You know that climate change is a problem when a supercomputer to do short-term prediction of the formation of linear rainbands and the torrential downpours that they cause is 3.4X as powerful as the machines that do the day-to-day weather forecasting in a country. But this is precisely the situation in Japan, which will be firing up a new supercomputer to do a better job predicting such powerful and damaging storms.
Japan is an island located in the subtropics and has always had to deal with the vicissitudes of cyclones, typhoons, and other kinds of harsh weather. It is also a volcanic island in a tectonic subduction zone and has to worry further about earthquakes and tsunamis. In recent years, as the weather has gotten more intense and linear rainbands have become more common and stronger, the Japan Meteorological Agency has been given a mandate by the Japanese government to study these strong storms and to build a system that does a better job predicting when they will form so people and businesses can build plans for when they hit, thereby reducing loss of life and property.
Linear rainbands are slow-moving or nearly stationary cumulonimbus cloud formations that remain for several hours over the same area, often dumping heavy rains they have picked up, in this case over the Sea of Japan and potentially causing landslides and flooding. The idea is to provide a forecast for such events six to twelve hours ahead of when they will happen.
In July 2020, a linear rainband cutting across southern Japan caused very heavy rainfalls, flooding, and damage along the Kumagawa River in Kumamoto Prefecture.
Figuring out when a cyclone or set of thunderstorms will form into a linear rainband is not trivial, and since June 2022 researchers at the JMA and the RIKEN HPC center in Kobe have been working on a model that can predict the formation and duration of linear rainbands. The work was done on the “Fugaku” supercomputer at RIKEN, which is based on the Fujitsu A64FX Arm HPC processor and commercialized in the Fujitsu PrimeHPC FX1000 product line.
The peak theoretical performance of the linear rainband prediction system, which has not yet been given a nickname as far as we know, will be 31.1 petaflops and is comprised of 24 racks of PrimeHPC FX1000 systems. This PrimeHPC FX1000 system at JMA, which will become operational on March 1, has a 42.3 petabyte parallel file system.
The Fugaku system has well over 400 racks of A64FX server nodes and is rated at 537 petaflops of peak theoretical performance at double precision floating point. Importantly, the A64FX processing nodes, which have a single CPU, are equipped with 32 GB of HBM2 memory that delivers 1 TB/sec of memory bandwidth and that radically improves the performance of HPC simulations – provided you can get your solvers and data to fit into a 32 GB memory footprint.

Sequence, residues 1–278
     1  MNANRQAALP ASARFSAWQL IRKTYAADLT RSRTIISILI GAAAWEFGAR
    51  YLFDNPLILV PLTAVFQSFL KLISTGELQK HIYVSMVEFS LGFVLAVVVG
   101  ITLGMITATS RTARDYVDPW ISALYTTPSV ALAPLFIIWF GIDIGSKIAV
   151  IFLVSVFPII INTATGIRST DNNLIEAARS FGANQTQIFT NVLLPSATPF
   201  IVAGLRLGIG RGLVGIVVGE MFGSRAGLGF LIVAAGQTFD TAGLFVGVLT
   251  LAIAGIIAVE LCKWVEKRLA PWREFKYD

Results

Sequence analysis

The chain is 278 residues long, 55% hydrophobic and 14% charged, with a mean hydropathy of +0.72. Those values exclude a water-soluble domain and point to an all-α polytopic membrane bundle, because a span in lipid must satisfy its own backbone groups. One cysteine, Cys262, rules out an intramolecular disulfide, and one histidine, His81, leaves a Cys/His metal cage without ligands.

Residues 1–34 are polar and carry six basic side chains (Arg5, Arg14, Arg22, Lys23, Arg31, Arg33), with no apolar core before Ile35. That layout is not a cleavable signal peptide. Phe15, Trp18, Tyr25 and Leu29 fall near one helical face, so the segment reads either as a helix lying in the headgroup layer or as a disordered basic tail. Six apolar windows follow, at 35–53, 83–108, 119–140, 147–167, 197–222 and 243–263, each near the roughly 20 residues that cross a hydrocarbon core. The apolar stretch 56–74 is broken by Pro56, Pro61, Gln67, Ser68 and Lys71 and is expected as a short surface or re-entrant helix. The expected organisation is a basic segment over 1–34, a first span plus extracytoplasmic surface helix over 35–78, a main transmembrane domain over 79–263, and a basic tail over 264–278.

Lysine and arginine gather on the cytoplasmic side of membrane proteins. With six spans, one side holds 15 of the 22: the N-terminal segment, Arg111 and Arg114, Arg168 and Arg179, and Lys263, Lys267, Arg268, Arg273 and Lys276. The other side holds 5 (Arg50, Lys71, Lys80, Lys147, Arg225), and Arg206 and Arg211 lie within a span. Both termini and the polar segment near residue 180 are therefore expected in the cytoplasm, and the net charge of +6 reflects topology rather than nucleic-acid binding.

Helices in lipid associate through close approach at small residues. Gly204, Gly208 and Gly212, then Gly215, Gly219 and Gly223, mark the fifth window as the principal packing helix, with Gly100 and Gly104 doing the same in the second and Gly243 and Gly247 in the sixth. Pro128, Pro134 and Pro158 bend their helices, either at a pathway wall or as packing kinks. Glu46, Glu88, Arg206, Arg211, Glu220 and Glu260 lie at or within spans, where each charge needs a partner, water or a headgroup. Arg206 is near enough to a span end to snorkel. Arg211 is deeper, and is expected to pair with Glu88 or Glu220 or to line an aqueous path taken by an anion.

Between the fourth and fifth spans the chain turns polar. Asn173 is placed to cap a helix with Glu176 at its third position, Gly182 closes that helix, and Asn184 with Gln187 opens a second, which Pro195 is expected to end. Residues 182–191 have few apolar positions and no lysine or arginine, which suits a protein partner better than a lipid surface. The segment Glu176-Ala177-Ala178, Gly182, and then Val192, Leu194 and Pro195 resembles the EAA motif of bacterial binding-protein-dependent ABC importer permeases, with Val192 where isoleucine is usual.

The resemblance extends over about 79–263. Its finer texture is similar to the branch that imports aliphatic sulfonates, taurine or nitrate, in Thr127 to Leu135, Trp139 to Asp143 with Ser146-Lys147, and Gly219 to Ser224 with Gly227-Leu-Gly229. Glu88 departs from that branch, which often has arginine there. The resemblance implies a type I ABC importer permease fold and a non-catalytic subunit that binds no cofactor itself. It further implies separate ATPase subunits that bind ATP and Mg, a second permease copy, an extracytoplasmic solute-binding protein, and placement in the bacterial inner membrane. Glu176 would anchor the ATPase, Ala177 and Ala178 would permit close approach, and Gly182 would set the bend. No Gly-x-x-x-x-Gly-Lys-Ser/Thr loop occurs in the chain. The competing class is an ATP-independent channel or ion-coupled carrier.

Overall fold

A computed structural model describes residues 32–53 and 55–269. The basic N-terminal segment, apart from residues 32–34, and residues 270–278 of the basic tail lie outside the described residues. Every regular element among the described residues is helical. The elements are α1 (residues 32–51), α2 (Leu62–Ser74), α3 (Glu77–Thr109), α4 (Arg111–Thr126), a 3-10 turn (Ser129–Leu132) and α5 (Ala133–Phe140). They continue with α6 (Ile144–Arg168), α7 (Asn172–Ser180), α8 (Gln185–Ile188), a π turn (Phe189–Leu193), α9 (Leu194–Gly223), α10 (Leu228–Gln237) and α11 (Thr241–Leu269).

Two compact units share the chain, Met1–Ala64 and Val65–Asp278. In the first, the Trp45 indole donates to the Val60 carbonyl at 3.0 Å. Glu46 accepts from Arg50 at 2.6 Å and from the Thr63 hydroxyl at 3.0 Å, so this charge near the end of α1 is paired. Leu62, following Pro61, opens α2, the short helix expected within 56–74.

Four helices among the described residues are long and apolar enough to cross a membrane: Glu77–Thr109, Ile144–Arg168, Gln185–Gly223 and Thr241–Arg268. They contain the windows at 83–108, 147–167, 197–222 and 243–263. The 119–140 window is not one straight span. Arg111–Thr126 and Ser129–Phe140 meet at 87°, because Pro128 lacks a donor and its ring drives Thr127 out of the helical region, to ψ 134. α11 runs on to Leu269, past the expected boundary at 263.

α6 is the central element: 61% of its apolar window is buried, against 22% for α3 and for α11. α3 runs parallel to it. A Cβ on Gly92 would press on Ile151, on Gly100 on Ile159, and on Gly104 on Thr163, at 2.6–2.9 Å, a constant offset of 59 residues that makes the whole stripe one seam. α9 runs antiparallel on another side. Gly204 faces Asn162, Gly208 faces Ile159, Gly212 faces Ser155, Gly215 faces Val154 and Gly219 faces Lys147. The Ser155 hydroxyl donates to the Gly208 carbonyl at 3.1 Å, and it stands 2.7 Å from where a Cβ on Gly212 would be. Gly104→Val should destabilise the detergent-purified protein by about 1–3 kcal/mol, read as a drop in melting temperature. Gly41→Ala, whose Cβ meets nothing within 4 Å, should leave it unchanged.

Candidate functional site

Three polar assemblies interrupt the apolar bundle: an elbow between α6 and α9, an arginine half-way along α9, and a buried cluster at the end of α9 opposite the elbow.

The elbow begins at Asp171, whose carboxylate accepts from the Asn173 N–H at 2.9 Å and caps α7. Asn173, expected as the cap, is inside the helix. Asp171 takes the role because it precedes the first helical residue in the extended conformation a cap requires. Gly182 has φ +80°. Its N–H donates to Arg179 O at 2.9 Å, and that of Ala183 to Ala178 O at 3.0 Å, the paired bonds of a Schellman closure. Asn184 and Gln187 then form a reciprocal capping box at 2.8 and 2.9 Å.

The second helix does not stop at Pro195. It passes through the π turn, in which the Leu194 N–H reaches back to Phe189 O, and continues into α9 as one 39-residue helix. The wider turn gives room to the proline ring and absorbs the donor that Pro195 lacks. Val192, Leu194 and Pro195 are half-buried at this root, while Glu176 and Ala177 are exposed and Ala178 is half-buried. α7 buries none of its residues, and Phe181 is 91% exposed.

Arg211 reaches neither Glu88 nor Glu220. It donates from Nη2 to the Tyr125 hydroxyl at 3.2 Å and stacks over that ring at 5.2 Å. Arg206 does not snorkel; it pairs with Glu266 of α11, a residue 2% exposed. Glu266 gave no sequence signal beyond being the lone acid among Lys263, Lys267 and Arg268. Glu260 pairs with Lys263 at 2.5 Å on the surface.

Interestingly, Fujitsu is hosting the machine on behalf of JMA rather than the latter putting the 24 racks into its own datacenter. The idea is that Fujitsu has a secure facility and redundant power to help keep the machine from being taken out by power outages in the wake of earthquakes or floods.
The JMA’s pair of 9.13 petaflops weather forecasting systems, which were installed nearly five years ago in May 2018, are a pair of Cray XC50 systems based on two-socket “Skylake” Xeon SP nodes with 96 GB of memory each and the system had 2,816 nodes in total, interlinked with the “Aries” XC interconnect developed by Cray. The contract between Hitachi, which was the prime contractor for the Cray sale, was for the pair of XC50 machines to cost $36 million, with another $54 million allocated to run them over five years. That implies the contract will run out in May 2023, and either JMA will extend the contract or buy a new pair of machines to do the normal weather forecasting work. (For a history of supercomputing at JMA, take a look at this story we did when the XC50s were installed in 2018.) JMA started out in 1995 with Hitachi vector processors, moved to clusters of all-CPU IBM Power systems resold by Hitachi in the 2000s and 2010s, and then jumped to X86 iron in 2018.
It will be interesting to see if Fujitsu can win the next JMA system deal and steal it away from Hewlett Packard Enterprise, which bought Cray in May 2019 for $1.3 billion. As far as we know, JMA has not ported its weather codes to GPUs and we think there is a better than even chance it will look hard at HPE Cray XE “Shasta” systems based on “Sapphire Rapids” Xeon SPs with HBM2e memory and the Slingshot Ethernet interconnect as well as the Fujitsu PrimeHPC FX1000 systems based on the A64FX processor and the Tofu D interconnect. We will be watching to see what happens.
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